Jeddah's historic district to become an open-air museum

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A Saudi man is pictured in the old town of Jeddah, Saudi Arabia, in this file photo. (Reuters)
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A boy sits in the old town of Jeddah, Saudi Arabia, in this file photo. (Reuters)
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Saudi men play checkers in the old town of Jeddah, Saudi Arabia, in this photo taken on June 22, 2018. (REUTERS)
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A file photo of Old Jeddah. (Sayidaty.net)
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A picture from the Old Jeddah festival. (SPA)
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A picture from the Old Jeddah festival. (SPA)
Updated 08 December 2018
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Jeddah's historic district to become an open-air museum

  • The ministry announced the new project saying it would tackle several issues that have led to a decline in tourism at the site

JEDDAH: Saudi Arabia’s Ministry of Culture plans to transform Jeddah’s old city into an open-air museum of sorts by creating a pedestrian route across the area.

The ministry announced that the new development project currently being implemented would tackle several issues, including the removal of a tunnel, in an attempt to revive tourism in the area.

Traffic rerouting would make the historic buildings, mosques and markets stand out by creating an uninterrupted historic space that can be enjoyed by pedestrians, according to Abdulaziz Al-Issa, an area supervisor.

He said the area around the site, known famously as Al-Balad, would "undergo world-class renovation in order to preserve the area’s distinct architecture," adding that the area was declared a UNESCO World Heritage site in 2014.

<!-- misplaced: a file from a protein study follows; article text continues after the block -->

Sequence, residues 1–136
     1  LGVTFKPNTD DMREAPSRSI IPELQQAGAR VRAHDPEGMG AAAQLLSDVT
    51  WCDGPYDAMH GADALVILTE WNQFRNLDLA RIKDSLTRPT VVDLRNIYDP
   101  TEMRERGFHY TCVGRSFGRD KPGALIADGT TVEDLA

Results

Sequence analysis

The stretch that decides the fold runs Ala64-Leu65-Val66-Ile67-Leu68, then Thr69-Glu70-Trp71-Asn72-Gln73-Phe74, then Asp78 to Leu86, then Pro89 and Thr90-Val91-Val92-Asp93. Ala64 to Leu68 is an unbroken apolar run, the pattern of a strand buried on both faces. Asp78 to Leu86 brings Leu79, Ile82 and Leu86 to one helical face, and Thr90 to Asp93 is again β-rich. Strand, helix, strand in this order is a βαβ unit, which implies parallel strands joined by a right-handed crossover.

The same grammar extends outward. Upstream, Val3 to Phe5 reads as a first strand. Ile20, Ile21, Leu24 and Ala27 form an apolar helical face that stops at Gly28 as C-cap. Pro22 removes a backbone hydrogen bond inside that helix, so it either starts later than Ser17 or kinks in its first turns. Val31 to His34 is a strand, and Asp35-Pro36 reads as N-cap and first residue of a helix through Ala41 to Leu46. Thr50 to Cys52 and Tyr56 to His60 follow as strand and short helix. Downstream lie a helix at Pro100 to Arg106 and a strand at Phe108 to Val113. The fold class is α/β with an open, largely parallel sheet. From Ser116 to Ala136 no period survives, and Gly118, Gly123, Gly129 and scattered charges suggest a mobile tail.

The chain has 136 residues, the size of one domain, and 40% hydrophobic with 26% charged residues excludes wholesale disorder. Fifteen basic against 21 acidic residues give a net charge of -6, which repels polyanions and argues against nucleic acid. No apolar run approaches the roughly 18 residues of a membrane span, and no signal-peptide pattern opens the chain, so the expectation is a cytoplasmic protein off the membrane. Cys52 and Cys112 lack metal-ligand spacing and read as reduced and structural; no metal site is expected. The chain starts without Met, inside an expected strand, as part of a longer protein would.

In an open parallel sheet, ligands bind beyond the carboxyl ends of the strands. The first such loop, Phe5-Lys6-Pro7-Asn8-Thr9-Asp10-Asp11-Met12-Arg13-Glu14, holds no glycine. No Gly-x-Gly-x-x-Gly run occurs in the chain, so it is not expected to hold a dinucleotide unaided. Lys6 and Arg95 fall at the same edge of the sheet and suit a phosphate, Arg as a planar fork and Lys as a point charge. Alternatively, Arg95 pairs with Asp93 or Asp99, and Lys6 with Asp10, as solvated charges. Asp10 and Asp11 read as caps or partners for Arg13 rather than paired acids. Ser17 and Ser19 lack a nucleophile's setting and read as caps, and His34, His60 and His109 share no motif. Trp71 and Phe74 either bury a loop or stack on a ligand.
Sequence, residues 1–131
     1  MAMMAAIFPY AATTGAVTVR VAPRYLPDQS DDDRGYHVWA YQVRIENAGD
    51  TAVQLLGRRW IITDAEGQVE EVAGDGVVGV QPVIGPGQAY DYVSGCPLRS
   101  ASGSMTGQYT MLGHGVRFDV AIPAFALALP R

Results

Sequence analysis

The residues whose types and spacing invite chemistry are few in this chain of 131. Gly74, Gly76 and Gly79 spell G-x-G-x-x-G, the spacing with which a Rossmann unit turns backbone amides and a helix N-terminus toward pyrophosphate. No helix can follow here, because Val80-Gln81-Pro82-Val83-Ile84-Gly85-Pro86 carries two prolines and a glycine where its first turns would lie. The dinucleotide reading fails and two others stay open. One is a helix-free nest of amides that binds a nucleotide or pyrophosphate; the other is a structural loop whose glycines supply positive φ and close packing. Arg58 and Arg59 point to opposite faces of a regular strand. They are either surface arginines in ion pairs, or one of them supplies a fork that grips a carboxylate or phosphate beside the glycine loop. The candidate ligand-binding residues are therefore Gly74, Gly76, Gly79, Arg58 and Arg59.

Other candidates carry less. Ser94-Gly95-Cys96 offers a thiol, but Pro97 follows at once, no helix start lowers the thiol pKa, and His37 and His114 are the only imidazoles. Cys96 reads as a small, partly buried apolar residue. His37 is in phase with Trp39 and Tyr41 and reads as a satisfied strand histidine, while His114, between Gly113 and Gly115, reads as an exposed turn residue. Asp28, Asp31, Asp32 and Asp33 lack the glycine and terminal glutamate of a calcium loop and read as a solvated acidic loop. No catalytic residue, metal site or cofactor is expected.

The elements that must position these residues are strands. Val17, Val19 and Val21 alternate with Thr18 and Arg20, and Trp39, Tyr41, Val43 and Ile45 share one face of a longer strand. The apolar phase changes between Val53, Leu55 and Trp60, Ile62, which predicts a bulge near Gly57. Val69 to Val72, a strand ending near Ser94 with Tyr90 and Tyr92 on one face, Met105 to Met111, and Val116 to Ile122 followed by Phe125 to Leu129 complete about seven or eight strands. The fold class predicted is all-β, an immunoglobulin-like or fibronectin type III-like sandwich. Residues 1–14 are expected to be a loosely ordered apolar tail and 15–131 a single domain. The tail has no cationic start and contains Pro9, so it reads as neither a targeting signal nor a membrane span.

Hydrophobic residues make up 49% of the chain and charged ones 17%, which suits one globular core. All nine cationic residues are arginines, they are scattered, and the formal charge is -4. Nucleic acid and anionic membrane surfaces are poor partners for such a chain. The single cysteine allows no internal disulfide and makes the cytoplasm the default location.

Jeddah’s historic area, which dates as far back to the 7th century, was the city center until the 1970s and 1980s, when the country’s oil boom encouraged local families that had lived there for centuries to move north of the city in search of more prosperous and modernized living standards. Preservation efforts, now partially financed by several of these families, have been ongoing since that time.

The area, also known as the “gateway to Makkah” thanks to its proximity to the seaside, has had its fair share of challenges and obstacles. A fire that broke out last year damaged several buildings, three of which completely collapsed.

Preservation efforts were sometimes hampered by the narrowness of the alleyways between the houses, which was another reason why families rushed to move out in favor of larger, more modern dwellings. Most of the ancient walls that surround the town and market have long since disappeared thanks to adverse weather conditions. The old buildings, which boast distinct hand-carved doors and windows, are also in need of constant renovation thanks to the humidity eroding the walls. Paradoxically, authorities stipulate that the walls be renovated only with Red Sea mud and coral limestone to retain the distinct character of the buildings.